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A Nordhavn tale of thanks and giving

Nordhavns reach pivotal points in adventures

 

August 5, 2009

If you haven't been following the two featured Nordhavn voyages on this website, you've been missing out on some of this summer's best entertainment. The three boats taking part in the Great Siberian Sushi Run made landfall yesterday in Japan, officially marking a successful passage of the Bering Sea. Meanwhile, Sprague Theobald on board his Nordhavn 57, this week entered the fabled Northwest Passage and yesterday arrived at Beechy Island, the site of the first two graves found from the doomed Franklin Expedition of 1850 whose mission it was to navigate the passage. These boats are all making history and we at Nordhavn couldn't be prouder.

With approximately 700 nm still to go on their planned route, the crews on board the Nordhavn 68 and two Nordhavn 62s that comprise the GSSR are currently enjoying exploring Japan – and recalling what they’ve accomplished during this trip, deemed “crazy” by some. Taking on the aggressive weather that plagues the Aleutian Islands proved challenging, but nothing the trio couldn't overcome with careful weather planning and, of course, strong seaworthy boats capable of handling high winds and seas. Funny, what’s most noteworthy about the GSSR to this point hasn’t been the accounts of the boats managing through large waves and gales notoriously featured on "The Deadliest Catch", but rather descriptions of remote towns in Alaska and Siberia where the crews entrenched themselves. One town even threw a big welcome party in the GSSR boats’ honor. Imagine having an entire community gathering to celebrate the fact that you have showed up on their doorstep in your boat!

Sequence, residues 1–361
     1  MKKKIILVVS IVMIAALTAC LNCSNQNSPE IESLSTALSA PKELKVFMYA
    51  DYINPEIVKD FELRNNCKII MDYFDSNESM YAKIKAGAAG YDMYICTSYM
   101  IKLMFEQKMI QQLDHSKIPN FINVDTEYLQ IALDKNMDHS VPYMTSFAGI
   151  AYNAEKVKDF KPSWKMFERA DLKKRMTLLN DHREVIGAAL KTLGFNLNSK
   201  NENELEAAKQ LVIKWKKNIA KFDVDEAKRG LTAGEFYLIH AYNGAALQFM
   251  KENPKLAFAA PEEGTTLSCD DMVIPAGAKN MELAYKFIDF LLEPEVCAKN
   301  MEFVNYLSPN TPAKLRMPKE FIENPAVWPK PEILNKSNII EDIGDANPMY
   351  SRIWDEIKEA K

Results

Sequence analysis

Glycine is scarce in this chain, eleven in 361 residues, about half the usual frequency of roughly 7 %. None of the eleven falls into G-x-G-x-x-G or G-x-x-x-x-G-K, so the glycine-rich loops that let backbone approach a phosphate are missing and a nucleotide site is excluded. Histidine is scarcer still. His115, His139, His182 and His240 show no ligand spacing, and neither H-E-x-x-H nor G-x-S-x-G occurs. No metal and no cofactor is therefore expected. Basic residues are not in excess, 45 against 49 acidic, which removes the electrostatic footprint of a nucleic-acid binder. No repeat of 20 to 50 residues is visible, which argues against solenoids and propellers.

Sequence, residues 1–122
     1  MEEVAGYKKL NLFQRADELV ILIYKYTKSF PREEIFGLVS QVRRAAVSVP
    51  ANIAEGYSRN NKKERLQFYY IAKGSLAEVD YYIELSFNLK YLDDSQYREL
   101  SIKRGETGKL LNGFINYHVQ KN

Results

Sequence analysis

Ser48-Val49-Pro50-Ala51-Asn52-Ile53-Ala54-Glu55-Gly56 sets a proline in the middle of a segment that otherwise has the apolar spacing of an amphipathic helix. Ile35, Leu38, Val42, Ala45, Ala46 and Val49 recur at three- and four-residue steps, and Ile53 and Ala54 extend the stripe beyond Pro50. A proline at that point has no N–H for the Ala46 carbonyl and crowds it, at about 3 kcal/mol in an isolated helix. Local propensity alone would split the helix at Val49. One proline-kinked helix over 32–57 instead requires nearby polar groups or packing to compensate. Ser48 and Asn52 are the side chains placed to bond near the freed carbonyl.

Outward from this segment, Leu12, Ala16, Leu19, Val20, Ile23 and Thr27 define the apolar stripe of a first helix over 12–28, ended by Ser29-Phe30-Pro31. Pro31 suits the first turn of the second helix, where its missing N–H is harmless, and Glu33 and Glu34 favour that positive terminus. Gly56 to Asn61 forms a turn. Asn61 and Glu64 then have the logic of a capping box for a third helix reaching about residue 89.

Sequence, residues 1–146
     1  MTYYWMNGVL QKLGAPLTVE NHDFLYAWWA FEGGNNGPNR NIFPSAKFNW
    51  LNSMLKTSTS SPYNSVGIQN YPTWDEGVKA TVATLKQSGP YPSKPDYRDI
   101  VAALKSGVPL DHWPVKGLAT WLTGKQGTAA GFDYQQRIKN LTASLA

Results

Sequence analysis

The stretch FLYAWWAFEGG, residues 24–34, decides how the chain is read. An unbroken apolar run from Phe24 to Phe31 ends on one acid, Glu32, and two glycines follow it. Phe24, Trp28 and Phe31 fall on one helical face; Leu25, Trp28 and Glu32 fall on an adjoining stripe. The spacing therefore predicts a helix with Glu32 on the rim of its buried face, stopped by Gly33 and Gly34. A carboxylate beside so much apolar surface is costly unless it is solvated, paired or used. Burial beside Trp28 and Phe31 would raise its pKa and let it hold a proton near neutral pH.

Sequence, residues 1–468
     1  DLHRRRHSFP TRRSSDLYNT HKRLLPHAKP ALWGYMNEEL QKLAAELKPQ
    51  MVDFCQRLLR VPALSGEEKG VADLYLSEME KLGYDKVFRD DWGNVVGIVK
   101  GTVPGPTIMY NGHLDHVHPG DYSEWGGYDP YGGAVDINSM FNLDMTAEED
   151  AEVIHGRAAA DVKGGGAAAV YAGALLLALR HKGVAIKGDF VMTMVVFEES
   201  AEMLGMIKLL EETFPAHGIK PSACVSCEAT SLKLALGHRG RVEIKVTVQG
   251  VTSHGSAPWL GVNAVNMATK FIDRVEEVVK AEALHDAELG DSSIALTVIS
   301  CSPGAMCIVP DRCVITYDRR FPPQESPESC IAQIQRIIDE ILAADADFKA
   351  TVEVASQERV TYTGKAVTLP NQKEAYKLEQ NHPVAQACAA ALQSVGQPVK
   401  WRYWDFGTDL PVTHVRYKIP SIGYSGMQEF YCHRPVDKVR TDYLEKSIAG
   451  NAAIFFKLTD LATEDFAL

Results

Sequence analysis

The Bering Sea still awaits Theobald, who will transit those waters once he maneuvers through the Northwest Passage and begins the trek toward Seattle. Theobald on his boat Bagan, is currently anchored at Bear Point, about 900 nm from the North Pole, waiting for some pack ice to clear before moving on. By Theobald’s estimate, their location puts them farther north than any town or city in the northern Hemisphere. He’s been able to collect some great footage for the documentary film he is producing about the newfound access to the Passage, its rich resources and the ensuing political battle over its control.

Both trips come with the type of blogs that will have you fixed to your computer for longer than you anticipated. Photos, video footage, history lessons and terrific story-telling abound in the websites authored by the three GSSR entrants: Ken Williams of N68 Sans Souci, Steve Argosy of N62 Seabird, and Tina Jones of N62 Grey Pearl; as well as Theobald’s northwestpassagefilm.com.

So forget about that latest summer blockbuster film heading to a theater near you and indulge in some real-life action.

-JMS


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